3. Roads with blind curves. Cars travelling at speed around curves pose a serious danger to slow-moving, small (and thus poorly visible) bicycles. Unlike faster-moving vehicles, bicycles are more likely not to have been seen prior to the curve.
4. Obstacles in the right-most lane or bike lane, including gutters, debris, and parked vehicles. Traffic in the next lane over is likely moving much faster. How do you get into that lane?
5. Merges into a lane with high speeds or heavy traffic. Here a car can accelerate to speed and/or force its way in. The speed and threat imbalance make either a difficult proposition for a cyclist.
6. Trucks and buses. Drivers of large vehicles have poorer visibility of the area around the vehicle, and so are particularly likely not to notice a bicycle. They are also less able to judge how close the bicycle is.
7. The encouragement to ride faster and to accelerate faster. Car speeds set a norm for the speed of road travel, and the slower you ride, the more impatient drivers will be with you. On the other hand, the faster you go, the fewer times you will be passed by cars (often too closely for comfort). Going fast and accelerating quickly are counter to the normal inclination when riding a city bike for utility without cycling clothes or needing a shower at the end of your ride.
8. Riding side-by-side. This natural and pleasant way for two people to ride somewhere together is incompatible in philosophy and practice with vehicular cycling.
9. Stop signs. Setting aside the fact that motorists themselves often don’t come to a complete stop, there is no good reason for cyclists to come to a full stop at a stop-controlled intersection. On a bike one can get very good sight-lines by slowing down at an intersection, but without losing all momentum. (This is known as an Idaho stop.)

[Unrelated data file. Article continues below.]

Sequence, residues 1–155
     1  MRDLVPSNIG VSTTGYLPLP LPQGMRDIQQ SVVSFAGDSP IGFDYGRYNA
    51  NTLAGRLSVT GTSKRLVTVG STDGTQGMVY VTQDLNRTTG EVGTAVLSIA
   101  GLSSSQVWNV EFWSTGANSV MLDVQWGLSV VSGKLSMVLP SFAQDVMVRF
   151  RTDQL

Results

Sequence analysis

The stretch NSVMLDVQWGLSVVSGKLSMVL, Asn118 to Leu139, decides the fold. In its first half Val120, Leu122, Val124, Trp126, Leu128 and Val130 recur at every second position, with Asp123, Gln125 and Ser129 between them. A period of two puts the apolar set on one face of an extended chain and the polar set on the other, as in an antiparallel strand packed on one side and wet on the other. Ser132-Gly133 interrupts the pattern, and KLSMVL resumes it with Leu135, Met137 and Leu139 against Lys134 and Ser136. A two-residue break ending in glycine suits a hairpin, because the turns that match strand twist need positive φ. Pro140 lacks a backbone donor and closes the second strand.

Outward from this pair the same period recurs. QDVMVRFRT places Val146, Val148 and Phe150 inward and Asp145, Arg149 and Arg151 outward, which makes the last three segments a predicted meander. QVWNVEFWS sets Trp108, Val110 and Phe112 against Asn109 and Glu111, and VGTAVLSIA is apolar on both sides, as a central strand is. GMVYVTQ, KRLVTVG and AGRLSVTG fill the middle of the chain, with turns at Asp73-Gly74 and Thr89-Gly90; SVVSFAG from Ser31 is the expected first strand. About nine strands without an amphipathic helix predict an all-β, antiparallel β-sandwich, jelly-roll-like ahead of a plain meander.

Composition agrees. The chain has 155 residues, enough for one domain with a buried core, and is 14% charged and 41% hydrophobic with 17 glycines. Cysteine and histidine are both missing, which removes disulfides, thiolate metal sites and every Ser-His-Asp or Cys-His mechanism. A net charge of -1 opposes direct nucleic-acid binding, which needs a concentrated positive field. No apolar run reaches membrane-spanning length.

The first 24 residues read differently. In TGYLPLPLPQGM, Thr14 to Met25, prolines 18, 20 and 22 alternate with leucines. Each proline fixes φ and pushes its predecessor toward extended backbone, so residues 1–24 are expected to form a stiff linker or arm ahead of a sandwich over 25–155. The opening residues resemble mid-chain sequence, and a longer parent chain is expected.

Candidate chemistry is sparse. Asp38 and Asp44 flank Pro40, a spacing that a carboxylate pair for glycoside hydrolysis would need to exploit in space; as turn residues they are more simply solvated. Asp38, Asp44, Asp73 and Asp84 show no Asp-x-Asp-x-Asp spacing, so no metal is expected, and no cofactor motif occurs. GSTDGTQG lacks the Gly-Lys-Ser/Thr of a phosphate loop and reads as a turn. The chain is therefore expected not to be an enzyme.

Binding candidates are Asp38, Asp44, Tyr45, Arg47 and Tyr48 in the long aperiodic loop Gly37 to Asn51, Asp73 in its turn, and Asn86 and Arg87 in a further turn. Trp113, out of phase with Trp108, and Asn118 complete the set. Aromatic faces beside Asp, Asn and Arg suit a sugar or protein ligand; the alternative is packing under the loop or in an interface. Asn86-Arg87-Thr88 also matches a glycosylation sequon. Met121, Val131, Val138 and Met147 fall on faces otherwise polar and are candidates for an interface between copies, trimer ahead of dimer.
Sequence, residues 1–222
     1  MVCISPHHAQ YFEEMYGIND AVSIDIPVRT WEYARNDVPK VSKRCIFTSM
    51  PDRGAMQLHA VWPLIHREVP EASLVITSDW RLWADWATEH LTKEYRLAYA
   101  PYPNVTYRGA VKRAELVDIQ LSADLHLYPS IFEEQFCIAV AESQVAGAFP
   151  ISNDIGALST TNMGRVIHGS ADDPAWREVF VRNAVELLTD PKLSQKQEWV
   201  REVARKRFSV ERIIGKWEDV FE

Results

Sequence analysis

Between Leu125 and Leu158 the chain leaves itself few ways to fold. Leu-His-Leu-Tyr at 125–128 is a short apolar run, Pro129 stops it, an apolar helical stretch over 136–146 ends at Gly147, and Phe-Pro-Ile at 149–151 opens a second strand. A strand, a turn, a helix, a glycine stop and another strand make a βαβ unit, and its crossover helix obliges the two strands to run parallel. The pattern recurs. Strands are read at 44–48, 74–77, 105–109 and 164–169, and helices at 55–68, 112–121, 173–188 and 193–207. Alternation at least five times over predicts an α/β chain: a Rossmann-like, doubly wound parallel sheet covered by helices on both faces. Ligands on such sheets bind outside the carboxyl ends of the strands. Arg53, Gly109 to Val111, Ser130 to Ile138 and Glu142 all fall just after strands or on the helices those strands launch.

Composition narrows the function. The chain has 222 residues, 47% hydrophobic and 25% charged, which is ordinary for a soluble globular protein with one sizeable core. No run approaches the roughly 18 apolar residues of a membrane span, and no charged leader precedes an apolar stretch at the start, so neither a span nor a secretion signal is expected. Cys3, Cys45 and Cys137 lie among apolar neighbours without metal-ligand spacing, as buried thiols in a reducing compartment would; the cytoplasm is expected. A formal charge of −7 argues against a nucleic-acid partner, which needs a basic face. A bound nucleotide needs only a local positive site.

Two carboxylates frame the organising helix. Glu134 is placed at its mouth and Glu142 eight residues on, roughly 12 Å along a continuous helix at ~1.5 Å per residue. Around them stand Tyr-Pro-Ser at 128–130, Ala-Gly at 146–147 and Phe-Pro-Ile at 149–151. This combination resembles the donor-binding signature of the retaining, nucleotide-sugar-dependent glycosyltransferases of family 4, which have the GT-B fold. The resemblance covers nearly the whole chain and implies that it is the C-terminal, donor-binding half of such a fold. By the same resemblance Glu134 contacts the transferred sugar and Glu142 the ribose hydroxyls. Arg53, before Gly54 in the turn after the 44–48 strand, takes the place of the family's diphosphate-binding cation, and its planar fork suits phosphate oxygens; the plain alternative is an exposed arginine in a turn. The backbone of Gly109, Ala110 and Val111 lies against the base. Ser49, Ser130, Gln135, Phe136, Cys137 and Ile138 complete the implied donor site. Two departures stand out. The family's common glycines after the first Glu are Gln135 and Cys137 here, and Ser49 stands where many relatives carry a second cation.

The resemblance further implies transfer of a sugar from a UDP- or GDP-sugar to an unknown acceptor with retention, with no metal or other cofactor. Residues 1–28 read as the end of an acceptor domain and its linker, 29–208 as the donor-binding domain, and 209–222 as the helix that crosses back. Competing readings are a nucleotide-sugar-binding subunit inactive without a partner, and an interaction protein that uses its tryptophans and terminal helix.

10. Tight left turns from an intersecting street. We all love to cut corners, and motorists are no exception. When turning left, they often cut into the cross-street’s left-turn lane if they don’t see any cars there. A bike in that lane is less visible and less expected, and thus in danger.
11. Cars merging from the left on a road without bike lanes. If a car travelling closely behind another car in the left lane decides to merge right, slow-moving and small vehicles (e.g. bicycles) can be obscured by the car in front.
12. Multi-lane roundabouts. If you’re staying on the roundabout past a two-lane turn, you’re either in the right lane and liable to get hit by a car turning from the left lane or you’re in the left lane and liable to get hit by a fast-moving car.
If you’re fast enough, sufficiently trained, and aggressive enough, you can probably navigate the above scenarios on the busiest of suburban arterials. But most people want neither to be particularly fast nor aggressive, nor to undertake difficult training in traffic. They want to travel safely and comfortably, with their stuff, and without breaking a sweat.
Vehicular cycling is a marginal activity, barely visible and taking place on small pieces of car-dominated roads. It is a coping mechanism for cycling-inadequate road infrastructure designed for cars. Its techniques are useful for making do with what we have, but it is useless as a model for promoting cycling as an everyday mode of city transportation for regular people. If we want people to cycle in large enough numbers to make a difference in our cities, we have to acknowledge the serious differences between bicycles and cars — and for that matter, between bicycles and pedestrians — and implement segregated cycling infrastructure. Especially on roads with high speeds or many large vehicles, and at intersections.